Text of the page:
Rumours had been flying in early October that Symantec, the company perhaps best known for its range of Norton antivirus products, was going to be splitting its business in two. The company, based in Mountain View, California, have now confirmed that this is true.
Symantec will be splitting its security and data storage divisions into two separate companies, each individually traded on the stock market. The news will be happily received by investors and analysts, who have believed for a long time that the two components of Symantec’s business weren’t compatible with one another. While the company had believed integrating their two core branches was a good move years ago, it actually hurt their stock price.
According to Bloomberg, total revenue for the fiscal year of 2014 was $6.7 billion. User productivity, protection and information security all together created $4.6 billion in sales, while information management generated $2.5 billion.
Symantec released a statement to announce the news, citing a business review’s outcome that the business had to become more focused and nimble. Michael Brown, the Chief Executive Officer, said in the statement that it had become clear that to win in both the security and storage markets required separate strategies and investments.
The review of their business activity began in May, with the conclusion being that the negatives of keeping the two sections of the business under one umbrella outweighed the positives. Brown stated that the firm would be able to overcome any difficulties that arose from current contractual obligations to customers.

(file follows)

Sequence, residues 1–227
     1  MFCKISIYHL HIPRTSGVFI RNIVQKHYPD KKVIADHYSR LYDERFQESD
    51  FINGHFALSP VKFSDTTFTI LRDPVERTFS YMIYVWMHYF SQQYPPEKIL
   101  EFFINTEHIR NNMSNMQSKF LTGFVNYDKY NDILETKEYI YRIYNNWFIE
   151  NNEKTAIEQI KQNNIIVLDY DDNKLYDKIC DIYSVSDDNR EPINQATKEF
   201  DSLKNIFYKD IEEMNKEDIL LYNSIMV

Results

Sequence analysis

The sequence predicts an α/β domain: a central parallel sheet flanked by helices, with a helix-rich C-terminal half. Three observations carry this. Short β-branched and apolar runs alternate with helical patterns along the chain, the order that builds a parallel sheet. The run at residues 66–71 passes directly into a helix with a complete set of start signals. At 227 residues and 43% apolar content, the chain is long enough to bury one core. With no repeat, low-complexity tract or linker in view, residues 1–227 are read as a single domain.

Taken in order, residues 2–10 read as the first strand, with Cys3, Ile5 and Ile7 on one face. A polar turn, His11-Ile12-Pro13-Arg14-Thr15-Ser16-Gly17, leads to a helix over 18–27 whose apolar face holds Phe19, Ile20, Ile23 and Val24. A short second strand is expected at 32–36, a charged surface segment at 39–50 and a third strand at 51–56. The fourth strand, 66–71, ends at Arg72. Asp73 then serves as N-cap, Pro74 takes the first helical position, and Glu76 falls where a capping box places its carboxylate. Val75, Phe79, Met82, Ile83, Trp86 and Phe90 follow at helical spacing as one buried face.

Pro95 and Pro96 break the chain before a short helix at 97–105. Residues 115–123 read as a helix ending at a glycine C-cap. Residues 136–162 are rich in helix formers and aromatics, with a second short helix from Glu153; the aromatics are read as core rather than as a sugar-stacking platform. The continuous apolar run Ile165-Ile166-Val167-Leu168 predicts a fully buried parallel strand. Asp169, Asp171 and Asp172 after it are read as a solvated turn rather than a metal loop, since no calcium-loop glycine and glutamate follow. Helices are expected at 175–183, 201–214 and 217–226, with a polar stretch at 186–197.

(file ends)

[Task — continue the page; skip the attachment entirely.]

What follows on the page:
“There really are two different buyers and there are different buying criteria,” said Brown. “Information management is about cost and reliability and in security, it’s about what you can do in real time to defend against threats. This really allows each business the freedom to operate and develop its own unique strategies and investment profiles.”
Brown will remain as the CEO of Symantec’s security outfit, which will retain the famous brand name. It’s not known what the name of the storage business will be, but John Gannon (who joined in 2012 and formerly worked at HP) will front this as the general manager. The separation is expected to be fully finished by the end of 2015.
Symantec employees over 20000 employees in more than 50 countries at the present, but it’s expected that job cuts will follow for cost-cutting reasons, though not immediately.
Of the split, an analyst from Pacific Crest Securities, Rob Owens, said that it might allow one entity to become more strategic in looking for an acquisition.
Symantec aren’t the only big company to recently split their business into separate units. eBay announced in late September that it’d be splitting PayPal into its own company; Hewlett-Packard said in early October that that personal computers and printers would be detaching from corporate hardware and services.
The issue of splitting Symantec has been discussed for a long time over various CEOs. Enrique Salem and Steve Bennett, CEOs from 2009 to 2012 and 2002 to March 2014 respectively, both said that they wouldn’t do it.
Symantec Split into Separate Storage and Security Businesses
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